"The summer sun is upon us at last. Summer should be a time free of responsibility and rife with possibility. The Spanish and the Italians seem to have it right with their early work-day finishes. In England, summer is often known as the 'silly season', when newspapers that are not filled with frivolity are instead carriers of fish and chips.
Having spent a large part of the past 18 months indoors having undergone chemo treatment, as well as experiencing a two month spell of pneumonia with no effective immune system to help fend illness off, I welcome the summer this year like the farmer might welcome rain after a prolonged drought. I view summertime as being the best of what might be and to have missed out on it last year was hard.
As a child growing up in the 1950s, every summer had a story. Summer months meant long school holidays spent outdoors between dawn and dusk, working alongside dad making hay or picking potatoes to earn extra household income and swimming in dams and the River Calder with my school friends. The family would also collect blackberries from the hedgerows and swear that the jam mum made tasted better than any which could be bought. Like the short lives of butterflies, children crammed in as much as they could, flitting from here to there in the brief span of freedom allotted to them during the six-weeks' school holidays.
In our teenage years, summer seemed more adventurous. Seeing the sun shine brightly and being able to dress in colourful and free-flowing clothes put an extra spring into the steps of the young as girlfriend and boyfriend walked down fields and across dale in search for a secluded, romantic spot that wasn't too close to home. In every boy’s life are memorable moments never to be repeated, along with a girl he’ll never forget and a summer where it all began. It was during this part of my life when I learned to distinguish the difference between the romantic summer mist and the intensity of emotions that the heat of summer can create. One of the sayings at the time was, 'When the sun gets hot and the moon gets hazy, good girls go bad and boys go crazy!'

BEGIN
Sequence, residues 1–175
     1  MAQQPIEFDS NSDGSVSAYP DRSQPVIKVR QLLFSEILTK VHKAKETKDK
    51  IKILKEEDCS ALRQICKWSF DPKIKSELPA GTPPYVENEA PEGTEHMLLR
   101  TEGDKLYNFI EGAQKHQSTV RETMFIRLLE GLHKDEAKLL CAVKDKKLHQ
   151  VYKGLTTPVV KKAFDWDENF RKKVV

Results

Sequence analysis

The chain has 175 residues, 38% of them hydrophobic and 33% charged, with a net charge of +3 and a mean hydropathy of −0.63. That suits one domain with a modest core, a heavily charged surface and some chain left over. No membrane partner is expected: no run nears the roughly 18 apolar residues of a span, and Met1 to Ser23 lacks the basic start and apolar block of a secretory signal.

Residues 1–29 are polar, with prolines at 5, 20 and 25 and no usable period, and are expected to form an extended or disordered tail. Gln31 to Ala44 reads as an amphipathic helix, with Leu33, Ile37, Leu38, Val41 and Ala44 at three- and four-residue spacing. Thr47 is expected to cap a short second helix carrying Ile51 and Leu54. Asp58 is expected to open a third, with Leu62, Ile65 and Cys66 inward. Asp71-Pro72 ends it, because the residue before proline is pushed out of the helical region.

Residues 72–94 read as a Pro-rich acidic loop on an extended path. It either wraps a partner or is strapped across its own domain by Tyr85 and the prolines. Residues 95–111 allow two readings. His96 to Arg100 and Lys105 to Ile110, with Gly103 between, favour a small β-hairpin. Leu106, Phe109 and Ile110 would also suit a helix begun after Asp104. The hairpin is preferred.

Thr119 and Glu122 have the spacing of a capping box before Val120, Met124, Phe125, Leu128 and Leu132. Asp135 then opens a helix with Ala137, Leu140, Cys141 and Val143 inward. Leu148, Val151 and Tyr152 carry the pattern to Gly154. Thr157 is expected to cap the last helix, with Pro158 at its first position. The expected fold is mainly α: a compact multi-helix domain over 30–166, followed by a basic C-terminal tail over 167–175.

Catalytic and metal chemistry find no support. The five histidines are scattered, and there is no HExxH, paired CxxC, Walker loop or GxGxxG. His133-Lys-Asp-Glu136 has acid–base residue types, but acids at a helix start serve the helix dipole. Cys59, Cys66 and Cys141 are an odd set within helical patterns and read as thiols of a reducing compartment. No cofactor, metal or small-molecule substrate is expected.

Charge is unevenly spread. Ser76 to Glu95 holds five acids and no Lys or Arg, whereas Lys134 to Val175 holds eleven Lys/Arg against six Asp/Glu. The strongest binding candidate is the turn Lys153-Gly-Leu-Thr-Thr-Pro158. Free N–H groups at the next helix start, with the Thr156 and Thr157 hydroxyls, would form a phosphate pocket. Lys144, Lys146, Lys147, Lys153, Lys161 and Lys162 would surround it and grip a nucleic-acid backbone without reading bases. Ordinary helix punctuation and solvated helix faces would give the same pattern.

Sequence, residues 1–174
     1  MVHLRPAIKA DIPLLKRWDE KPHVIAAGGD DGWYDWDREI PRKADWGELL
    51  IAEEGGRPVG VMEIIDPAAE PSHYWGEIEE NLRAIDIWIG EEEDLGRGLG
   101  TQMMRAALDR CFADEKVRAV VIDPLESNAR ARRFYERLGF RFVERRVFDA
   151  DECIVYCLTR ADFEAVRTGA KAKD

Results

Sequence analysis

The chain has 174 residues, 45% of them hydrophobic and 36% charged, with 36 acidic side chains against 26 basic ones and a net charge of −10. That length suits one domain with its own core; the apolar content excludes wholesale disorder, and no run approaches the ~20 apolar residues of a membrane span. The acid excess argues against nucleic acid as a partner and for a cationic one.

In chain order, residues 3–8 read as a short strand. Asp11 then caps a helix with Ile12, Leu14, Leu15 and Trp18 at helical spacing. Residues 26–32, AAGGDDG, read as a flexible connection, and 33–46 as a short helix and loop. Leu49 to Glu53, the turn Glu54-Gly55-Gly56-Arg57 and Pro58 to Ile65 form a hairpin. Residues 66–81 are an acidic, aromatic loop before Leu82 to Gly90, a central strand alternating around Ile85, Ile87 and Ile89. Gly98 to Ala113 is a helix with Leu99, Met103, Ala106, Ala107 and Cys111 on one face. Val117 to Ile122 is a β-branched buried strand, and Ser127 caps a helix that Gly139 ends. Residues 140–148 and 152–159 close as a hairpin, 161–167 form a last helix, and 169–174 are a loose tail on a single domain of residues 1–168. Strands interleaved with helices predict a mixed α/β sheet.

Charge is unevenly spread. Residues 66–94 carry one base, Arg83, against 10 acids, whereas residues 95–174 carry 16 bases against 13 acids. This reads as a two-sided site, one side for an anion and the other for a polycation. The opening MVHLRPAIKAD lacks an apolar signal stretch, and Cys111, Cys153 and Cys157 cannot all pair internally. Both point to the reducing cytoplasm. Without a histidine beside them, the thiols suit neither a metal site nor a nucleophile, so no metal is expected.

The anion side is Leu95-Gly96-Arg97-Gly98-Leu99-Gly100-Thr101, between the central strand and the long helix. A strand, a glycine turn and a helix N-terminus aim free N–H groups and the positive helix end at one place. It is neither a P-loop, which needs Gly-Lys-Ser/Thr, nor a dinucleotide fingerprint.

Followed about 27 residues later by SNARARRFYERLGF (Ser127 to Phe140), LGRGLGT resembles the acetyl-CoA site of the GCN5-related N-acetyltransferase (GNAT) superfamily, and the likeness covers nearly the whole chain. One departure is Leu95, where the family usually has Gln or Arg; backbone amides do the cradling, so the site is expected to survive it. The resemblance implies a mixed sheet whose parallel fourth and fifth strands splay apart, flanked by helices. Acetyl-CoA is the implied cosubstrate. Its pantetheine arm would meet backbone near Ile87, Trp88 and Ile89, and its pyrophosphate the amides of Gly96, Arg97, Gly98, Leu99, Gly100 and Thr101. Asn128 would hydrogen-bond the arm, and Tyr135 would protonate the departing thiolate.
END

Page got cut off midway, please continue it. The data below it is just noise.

In married life, summer months meant holidays with the family and trying to keep two to five children pleasurably occupied without us breaking the bank or they their boisterous necks as they ran wild across Blackpool tram lines and the sand waving their buckets and spades. These were still the days of family holidays at the British seaside, where children wanted to play on the beach, come rain or shine. Once a good boarding house was found, one usually returned to it. I recall that my mother-in-law returned to the one she'd found in Morcambe over twenty consecutive years! She'd certainly deserve a 'loyalty card' for that today.
When I was having nine months of cancer treatment last winter, I came across a few favourite lines written by the author Albert Camus, that upon first reading in my early twenties, I never quite understood, but which are much clearer to me now and better fitting these days: 'In the depth of winter I finally learned that there was in me an invincible summer.'
So bring on the sun and rejoice because I'm off on my holiday to Ireland for a week and this is a good year to continue living." William Forde: July 3rd, 2015.